Speaking of gardens, popular folklore has it that the sun should not be allowed to shine on a witch’s plants because the light would steal the special properties of the herbs. Around the magical garden one could always find a hawthorn hedge to protect the power contained therein and provide the witch with a handy place to hide. And what the witch didn’t grow herself, she’d find elsewhere.
Be that as it may, for every witch-friendly herb in garden folklore, there is also an anti-witch herb to keep us on our spiritual toes! These flowers and plants were just waiting to be plucked and carried, bound in sachets, sprinkled in wine, buried at a crossroad, or tossed into running water by someone who thought he was enchanted. One example is elderberry. When steeped in water and dabbed on a person’s eyes, it allows that person to see a witch no matter his or her guise. Another example is the combination of Rowan and red thread, which when bound together became one of the most popular and powerful anti-magic charms.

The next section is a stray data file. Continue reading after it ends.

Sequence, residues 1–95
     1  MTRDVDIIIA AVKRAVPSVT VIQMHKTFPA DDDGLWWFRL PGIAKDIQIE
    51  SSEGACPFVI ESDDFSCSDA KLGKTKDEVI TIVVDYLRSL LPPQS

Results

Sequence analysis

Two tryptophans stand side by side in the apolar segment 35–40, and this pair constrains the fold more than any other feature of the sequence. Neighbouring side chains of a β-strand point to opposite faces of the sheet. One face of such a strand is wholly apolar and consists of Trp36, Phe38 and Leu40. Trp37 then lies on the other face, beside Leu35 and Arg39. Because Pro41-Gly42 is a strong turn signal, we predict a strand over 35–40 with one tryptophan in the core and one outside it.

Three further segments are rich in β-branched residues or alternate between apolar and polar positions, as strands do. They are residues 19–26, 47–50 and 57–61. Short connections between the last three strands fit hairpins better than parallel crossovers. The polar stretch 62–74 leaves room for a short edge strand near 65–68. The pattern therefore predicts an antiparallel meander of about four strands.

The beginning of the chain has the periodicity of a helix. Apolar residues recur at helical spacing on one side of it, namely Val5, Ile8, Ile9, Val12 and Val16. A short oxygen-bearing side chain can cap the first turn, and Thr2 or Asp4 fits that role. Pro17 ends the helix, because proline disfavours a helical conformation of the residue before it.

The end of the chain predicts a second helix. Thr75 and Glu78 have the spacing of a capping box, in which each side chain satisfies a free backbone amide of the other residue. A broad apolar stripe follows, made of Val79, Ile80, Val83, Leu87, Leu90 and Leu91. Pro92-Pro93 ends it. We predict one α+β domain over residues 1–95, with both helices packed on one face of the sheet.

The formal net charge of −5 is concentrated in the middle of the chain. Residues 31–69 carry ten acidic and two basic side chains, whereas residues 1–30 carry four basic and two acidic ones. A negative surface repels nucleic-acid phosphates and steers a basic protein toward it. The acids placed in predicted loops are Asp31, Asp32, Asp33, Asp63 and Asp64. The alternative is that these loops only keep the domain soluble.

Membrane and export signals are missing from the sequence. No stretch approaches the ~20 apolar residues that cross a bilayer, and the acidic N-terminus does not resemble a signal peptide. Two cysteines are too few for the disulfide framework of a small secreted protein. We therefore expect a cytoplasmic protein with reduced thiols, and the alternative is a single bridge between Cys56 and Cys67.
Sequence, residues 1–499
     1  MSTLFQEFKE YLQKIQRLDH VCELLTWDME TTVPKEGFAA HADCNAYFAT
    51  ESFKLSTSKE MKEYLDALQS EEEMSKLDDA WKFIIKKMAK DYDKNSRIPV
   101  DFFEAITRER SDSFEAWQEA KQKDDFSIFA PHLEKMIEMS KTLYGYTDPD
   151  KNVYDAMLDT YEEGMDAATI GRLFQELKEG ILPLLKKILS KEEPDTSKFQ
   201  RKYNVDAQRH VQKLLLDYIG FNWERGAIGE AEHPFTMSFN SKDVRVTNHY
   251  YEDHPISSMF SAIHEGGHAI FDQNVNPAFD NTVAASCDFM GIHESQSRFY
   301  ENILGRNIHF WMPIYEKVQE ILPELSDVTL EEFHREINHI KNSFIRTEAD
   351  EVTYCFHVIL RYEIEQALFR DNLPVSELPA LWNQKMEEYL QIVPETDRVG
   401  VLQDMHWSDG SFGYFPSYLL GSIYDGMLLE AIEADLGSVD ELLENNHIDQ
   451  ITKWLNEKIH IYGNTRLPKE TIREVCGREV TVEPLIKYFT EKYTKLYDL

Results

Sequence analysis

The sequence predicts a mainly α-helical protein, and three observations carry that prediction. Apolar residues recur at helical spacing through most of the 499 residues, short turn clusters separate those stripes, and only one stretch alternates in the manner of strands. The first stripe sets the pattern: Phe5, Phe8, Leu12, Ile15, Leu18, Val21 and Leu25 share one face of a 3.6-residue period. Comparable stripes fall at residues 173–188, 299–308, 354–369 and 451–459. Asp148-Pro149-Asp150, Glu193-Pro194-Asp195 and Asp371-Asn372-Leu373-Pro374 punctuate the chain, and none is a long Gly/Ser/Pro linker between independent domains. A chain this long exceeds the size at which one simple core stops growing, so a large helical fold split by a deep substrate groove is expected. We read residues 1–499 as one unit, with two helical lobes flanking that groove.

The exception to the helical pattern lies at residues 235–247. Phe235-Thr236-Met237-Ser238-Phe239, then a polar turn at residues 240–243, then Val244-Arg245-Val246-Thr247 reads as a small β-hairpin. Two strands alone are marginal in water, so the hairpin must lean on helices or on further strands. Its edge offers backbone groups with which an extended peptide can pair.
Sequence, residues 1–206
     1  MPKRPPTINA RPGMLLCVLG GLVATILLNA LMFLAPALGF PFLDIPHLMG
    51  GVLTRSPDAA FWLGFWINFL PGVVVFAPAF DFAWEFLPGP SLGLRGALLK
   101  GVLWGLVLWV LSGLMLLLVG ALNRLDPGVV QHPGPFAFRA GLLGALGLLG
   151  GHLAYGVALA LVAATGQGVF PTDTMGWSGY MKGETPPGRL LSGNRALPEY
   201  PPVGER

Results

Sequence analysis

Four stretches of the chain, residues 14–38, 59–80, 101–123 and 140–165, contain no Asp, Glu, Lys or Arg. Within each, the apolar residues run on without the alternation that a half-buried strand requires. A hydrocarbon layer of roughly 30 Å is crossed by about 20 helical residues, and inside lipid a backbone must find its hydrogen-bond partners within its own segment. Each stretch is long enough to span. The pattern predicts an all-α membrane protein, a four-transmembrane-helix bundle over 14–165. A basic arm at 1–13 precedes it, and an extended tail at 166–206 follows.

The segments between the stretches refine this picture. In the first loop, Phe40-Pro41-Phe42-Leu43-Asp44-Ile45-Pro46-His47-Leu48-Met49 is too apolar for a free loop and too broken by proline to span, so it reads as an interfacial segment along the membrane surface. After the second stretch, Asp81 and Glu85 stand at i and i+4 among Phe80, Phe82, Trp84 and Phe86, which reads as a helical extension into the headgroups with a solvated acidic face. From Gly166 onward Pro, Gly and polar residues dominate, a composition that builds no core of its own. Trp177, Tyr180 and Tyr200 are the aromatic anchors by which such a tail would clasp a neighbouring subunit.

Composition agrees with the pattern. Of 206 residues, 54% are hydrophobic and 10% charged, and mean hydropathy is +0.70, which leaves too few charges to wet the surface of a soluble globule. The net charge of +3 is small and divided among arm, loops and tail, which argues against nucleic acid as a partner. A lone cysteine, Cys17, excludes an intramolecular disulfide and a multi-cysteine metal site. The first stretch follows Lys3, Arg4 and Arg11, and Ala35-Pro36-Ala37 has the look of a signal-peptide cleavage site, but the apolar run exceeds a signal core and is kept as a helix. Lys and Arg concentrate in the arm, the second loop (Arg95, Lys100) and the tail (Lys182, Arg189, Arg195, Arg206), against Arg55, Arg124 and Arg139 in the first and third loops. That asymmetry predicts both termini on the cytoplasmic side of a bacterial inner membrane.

One of These Things is Not Like the Other
Different cultures had their own unique outlook about the uses for witchy wildflowers and plants. People in medieval Germany carried marjoram sprigs to safeguard themselves from a spell, but witches in medieval France used them in love potions! Agrimony and hazel were used by witch hunters to uncover occult activity, while the witches themselves were using these plants to keep nasty critters like goblins at bay and for water witching (dousing). Similarly, it was common practice (and still is in some areas) throughout Europe to lay a broom across the threshold to keep a witch from entering, yet this very same broom could be used as the witch’s magical transportation!